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So, should you go overseas for college?

From the outside, Krugman, Ronald, and Geinitz couldn’t be more different. One is in their teens, one in their twenties, and one in their thirties. Their areas of study and professional careers range from culinary to business and law to statistics, and their degrees span from a bachelor’s to a master’s to a doctorate. Yet their answers are virtually the same when I ask them if, considering all the benefits of earning a degree overseas: lower cost, shorter degree timelines, the chance to learn new languages and earn global experience, increasing your attractiveness to employers–-would they recommend that everyone look internationally for their degree?

Their answer: It depends on your temperament and what you want out of your college experience.

“You would really need to think about what kind of experience you want from your time at university,” says Geinitz. “The experience of being at college in the U.S. is unlike that in any other country. There are sports teams with die-hard fans, fraternities and sororities, and plenty of extracurricular activities. People in the U.S. tend to form a strong identity with their alma mater that graduates in most other countries do not.”

That identity and Ivory Tower isolation is something notably absent from most European universities, says Geinitz. “I think that in most foreign universities, people are there first and foremost to study. For myself, I would choose to go abroad. Although I can certainly see why many people would want to have the type of experience that only a university in the U.S. could offer.”

And those aren’t the only differences between university life in the U.S. and internationally, says Ronald. “The American grading system seems to be more forgiving, there is more wiggle room to get good grades or to improve your overall grade. Whereas in the U.S., typically there are many factors that go into your final grade, I have now had exams that are 100% of my final grade. It’s terrifying that one mistake could mess up your entire degree.”

Because of this, Ronald says that there is a maturity level people should possess if they want to thrive in an international higher-education setting. Krugman agrees. “In essence, you are thousands of miles from home; you have to be able to support yourself and be OK living on your own. The people I’ve seen who come over here to study I feel should not be over here are the party-mindset type. Instead of worrying about uni, they are out partying and getting drunk because of the low drinking age, and full on ignoring their studies.”

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Yet if you have the desire to explore other cultures and the drive for serious study, Krugman believes there’s one simple reason you should go overseas for your degree: the cost. For Krugman’s two degrees he will be earning, he’ll spend $80,000 in fees. The average cost for one four-year undergraduate degree in the United States is $144,000, according to HSBC. Krugman is studying in the United Kingdom, which, though it has lower fees than the United States, has much higher education costs than many European countries that are luring American international students. But even so, because of the lower fees in the U.K., Krugman says he’ll graduate without student loan debt.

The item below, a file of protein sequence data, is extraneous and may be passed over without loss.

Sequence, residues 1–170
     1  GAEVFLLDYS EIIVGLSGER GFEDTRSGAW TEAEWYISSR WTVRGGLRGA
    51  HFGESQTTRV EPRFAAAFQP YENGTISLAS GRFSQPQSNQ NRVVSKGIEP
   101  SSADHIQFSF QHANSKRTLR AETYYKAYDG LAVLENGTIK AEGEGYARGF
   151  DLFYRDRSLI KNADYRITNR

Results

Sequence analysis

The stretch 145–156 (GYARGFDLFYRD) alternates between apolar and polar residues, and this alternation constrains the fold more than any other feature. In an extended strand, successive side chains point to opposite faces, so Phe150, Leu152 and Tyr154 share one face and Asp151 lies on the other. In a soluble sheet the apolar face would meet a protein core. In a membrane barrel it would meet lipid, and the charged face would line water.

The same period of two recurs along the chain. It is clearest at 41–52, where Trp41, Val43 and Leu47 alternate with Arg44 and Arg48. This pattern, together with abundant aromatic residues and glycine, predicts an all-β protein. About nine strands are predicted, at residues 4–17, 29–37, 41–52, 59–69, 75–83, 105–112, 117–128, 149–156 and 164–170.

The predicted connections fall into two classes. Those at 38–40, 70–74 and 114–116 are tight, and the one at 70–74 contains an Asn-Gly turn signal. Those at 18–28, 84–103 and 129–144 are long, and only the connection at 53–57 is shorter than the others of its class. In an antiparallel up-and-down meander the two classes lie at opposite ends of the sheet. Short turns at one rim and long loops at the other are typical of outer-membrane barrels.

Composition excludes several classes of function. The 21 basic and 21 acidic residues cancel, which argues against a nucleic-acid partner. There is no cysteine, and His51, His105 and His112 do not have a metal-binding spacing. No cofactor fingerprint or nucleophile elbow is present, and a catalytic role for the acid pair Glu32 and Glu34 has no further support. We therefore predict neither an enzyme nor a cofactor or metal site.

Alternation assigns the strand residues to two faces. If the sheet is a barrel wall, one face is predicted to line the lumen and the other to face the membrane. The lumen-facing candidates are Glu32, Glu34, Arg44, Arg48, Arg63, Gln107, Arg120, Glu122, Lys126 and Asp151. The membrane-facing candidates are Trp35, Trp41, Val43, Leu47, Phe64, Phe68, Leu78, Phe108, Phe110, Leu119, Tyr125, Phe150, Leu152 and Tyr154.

For PhD’s in the United States, the average cost ranges from $28,000 to $40,000 per year, according to TopUniversities. How much did Geinitz, who earned his PhD in Zurich, Switzerland, pay over three years? “The total cost for three years [was] 1,500 CHF [Swiss Francs], which is/was roughly equally to $1,500 USD,” he says, and notes he has no student debt.

“Having to be rich in order to attend the best schools isn’t right in my mind,” Krugman says of America’s education system. “I’ve seen so many of my friends who are bright and passionate have to pick a lower school in order to go–-or in some cases not go altogether.”

Indeed, a recent VitalSource/Wakefield survey found that 81% of currently enrolled college students surveyed agreed fewer students will attend college over the next 10 years due to the expense. Further, 57% of those surveyed had turned down a place at a university because they couldn’t afford it.

And the crushing effects of a higher education in the U.S. isn’t something only American students are noticing. “I’ve met so many international students who want to know why we pay so much for education in the U.S. when their countries are able to offer free or very low-cost, quality higher education,” says Ronald, who also spent $80,000 in total for both her bachelor’s and master’s degrees. The average master degree program alone in America costs $55,489, according to the New America Foundation.

“I think as a country, if we want to continue with economic growth and innovation, then we should bring tuition down. How many students with the potential to change the world are being kept from achieving amazing things because of money?”

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With the advantage of lower fees and acquiring a wealth of global experience, Ronald thinks most people should give serious consideration to earning their degree on foreign shores.

“I won’t lie,” adds Ronald. “It is incredibly difficult! But if you are someone who is adventurous, doesn’t give up, and wants a unique and life-changing experience, studying overseas for your full education might be for you.”